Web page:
Pi & Despondence

I am waiting for Malachite to wake up with a mug of red wine beside me. I must have finished a third of a bottle. I’ve just finished watching the movie Life of Pi in my attempt to understand the whole thing the second time around. The first time I watched it was in the big screen with my mother and sister. After the movie we head our way to the car park to go back home, and as we did I was giving the ladies a hard time about the movie. My mother got bored and perhaps had fallen asleep in the middle of it, and my sister was baffled to say the least. They did not understand the movie. Neither was I. However in my attempt to disguise my confusion I was throwing them rhetorical questions to appear clarified. They took the bait. They thought I knew what to make out of the ending. I knew it was something about God and faith, but I failed to piece the story together.

With a bit of intoxication and a hint of boredom, I finally understood the ending: “So which story do you prefer,” Pi asked the writer. The writer pondered and finally responded with, “the one with the tiger. That’s the better story.” “Thank you. And so it goes with God,” Pi concluded. The insurance report narrated the same story: a shipwreck survivor that had made himself alive for a long time in the middle of the ocean with a Bengal tiger.


I’ve read books aplenty–I’ve expanded my vocabulary more than I’ve ever thought. I know an assortment of English words more by heart than by reason. Despondence is one of them.

There is a high likelihood that I lost my chances with trivago. I’ve been waiting all day long for their reply. It’s miserable to fight a battle in the midst of storm. With internet connection failing, I couldn’t put up a strong fight. I even never had a chance to pull out my sword. I lost even before the battle started. I’ve prepared as well as I could–asked my closest friend KO to stay in her condo unit to afford myself privacy; got hold of a trivago employee so I would have an idea of how the Skype interview would go about; read relevant articles and practiced possible answers. Then I have not even gotten a chance to start the interview.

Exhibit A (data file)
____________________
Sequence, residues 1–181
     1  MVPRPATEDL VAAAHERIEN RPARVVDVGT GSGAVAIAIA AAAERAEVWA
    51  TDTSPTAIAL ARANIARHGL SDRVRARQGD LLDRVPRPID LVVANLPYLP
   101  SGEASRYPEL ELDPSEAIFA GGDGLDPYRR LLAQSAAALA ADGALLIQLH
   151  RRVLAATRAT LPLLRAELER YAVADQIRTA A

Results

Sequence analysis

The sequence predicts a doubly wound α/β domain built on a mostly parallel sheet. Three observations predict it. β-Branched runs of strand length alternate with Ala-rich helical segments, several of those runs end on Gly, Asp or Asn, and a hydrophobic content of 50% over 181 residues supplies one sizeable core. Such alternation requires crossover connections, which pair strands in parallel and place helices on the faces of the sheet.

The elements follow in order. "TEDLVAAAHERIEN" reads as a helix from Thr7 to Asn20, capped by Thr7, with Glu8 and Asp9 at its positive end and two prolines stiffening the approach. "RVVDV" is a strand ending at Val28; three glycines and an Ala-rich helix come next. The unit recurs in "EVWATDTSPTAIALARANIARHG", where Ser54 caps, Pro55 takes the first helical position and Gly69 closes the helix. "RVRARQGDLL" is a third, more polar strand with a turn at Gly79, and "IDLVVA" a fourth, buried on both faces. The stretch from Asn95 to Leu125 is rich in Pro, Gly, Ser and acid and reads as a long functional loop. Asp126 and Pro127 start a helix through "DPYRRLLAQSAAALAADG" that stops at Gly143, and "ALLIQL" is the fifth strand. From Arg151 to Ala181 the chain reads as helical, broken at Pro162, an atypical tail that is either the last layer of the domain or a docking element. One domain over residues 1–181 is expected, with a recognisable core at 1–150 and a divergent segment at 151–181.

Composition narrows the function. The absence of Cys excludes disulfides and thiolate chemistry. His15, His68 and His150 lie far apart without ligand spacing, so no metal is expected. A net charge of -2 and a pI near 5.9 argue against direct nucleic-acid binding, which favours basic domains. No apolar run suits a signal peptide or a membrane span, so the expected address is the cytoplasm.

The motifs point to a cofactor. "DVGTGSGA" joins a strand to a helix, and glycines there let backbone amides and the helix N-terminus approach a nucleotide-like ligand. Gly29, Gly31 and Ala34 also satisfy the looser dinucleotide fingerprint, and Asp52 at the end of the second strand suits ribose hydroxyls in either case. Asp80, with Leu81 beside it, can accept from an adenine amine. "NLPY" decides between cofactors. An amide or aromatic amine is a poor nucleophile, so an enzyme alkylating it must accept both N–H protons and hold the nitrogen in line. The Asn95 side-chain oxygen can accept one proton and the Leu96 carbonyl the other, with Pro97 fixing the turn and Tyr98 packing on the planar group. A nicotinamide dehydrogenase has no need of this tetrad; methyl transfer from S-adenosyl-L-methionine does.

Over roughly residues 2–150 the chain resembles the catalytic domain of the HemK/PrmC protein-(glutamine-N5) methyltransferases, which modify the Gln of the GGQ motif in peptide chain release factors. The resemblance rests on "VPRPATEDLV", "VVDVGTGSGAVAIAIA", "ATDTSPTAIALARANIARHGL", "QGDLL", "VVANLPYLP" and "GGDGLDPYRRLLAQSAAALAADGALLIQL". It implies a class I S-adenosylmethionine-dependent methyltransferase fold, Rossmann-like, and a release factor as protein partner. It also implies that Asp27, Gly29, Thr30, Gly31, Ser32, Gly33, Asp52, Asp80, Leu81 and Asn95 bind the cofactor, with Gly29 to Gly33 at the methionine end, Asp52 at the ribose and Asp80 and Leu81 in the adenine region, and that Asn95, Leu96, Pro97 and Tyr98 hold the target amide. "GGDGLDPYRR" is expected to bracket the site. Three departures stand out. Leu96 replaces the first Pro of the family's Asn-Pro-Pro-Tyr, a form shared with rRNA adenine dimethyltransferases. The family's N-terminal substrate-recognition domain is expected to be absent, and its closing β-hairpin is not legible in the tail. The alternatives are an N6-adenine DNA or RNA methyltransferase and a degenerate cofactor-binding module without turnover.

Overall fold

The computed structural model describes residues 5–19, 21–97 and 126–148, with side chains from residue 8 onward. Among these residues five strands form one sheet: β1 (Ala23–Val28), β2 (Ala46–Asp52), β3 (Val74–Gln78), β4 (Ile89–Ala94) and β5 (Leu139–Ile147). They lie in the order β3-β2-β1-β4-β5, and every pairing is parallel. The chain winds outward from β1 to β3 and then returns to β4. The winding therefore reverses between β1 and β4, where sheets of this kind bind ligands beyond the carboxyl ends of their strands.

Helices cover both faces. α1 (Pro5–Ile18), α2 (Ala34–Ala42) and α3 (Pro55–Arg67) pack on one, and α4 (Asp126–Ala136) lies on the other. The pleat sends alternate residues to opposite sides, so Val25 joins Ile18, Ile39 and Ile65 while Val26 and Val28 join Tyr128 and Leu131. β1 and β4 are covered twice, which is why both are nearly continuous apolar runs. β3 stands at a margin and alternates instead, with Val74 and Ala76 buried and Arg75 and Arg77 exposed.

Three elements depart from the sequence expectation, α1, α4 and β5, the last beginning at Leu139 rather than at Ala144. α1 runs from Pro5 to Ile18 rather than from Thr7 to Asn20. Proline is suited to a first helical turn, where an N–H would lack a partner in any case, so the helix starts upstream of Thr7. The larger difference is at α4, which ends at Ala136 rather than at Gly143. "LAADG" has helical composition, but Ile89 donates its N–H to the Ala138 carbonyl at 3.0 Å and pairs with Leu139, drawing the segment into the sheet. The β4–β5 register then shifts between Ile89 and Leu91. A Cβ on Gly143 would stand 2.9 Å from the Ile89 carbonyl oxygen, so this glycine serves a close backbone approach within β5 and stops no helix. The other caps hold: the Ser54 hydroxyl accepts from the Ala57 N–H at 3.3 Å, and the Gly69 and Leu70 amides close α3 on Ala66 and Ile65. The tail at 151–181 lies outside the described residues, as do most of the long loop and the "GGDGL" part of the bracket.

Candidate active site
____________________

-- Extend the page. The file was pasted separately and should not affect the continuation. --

My soul searched for a word that could describe what I feel. It found despondence.


If I survived a shipwreck but found myself in the middle of the ocean with a tiger, I wouldn’t know if I would have enough will to survive. Maybe I would have fought and killed the tiger. Maybe I would found a way to have us both live like Pi did. Maybe I’ll fight to live the day to watch my grandchildren in a play park together with my husband.

I’m in between jobs. It’s been 5 months since I last worked. It’s been 9 months since I began looking for a job. Lack of work is demoralizing, dehumanizing. At some point you would find yourself losing the will to live.

When life challenges you hard you might lose all will to live. But you have to carry on.

“Mr. Patel’s is an astounding story of courage and endurance unparalleled in the history of shipwrecks. Very few castaways have claimed to have survived so long at sea, and none in the company of an adult Bengal tiger.”

I dig into my heart to look for Christ within me. My soul cries in defeat. Being despondent is to live through the day almost without hope. Almost without hope. Which means there is a bit of hope left, and maybe Jesus inside me is filling this dire void and helplessness.

“And so it goes with God…” for it is through the eyes of faith that makes us believe in miracles, that make us believe the possibility of life when there’s seemingly no hope of survival.

When you find yourself almost emptied out, ask yourself one question: for whom or for what do you live for? Your answer will give you motivation to push through and not give up on that very instant.

With Malachite and a bright future ahead of us, and Jesus in me, I’ll find the will to live.



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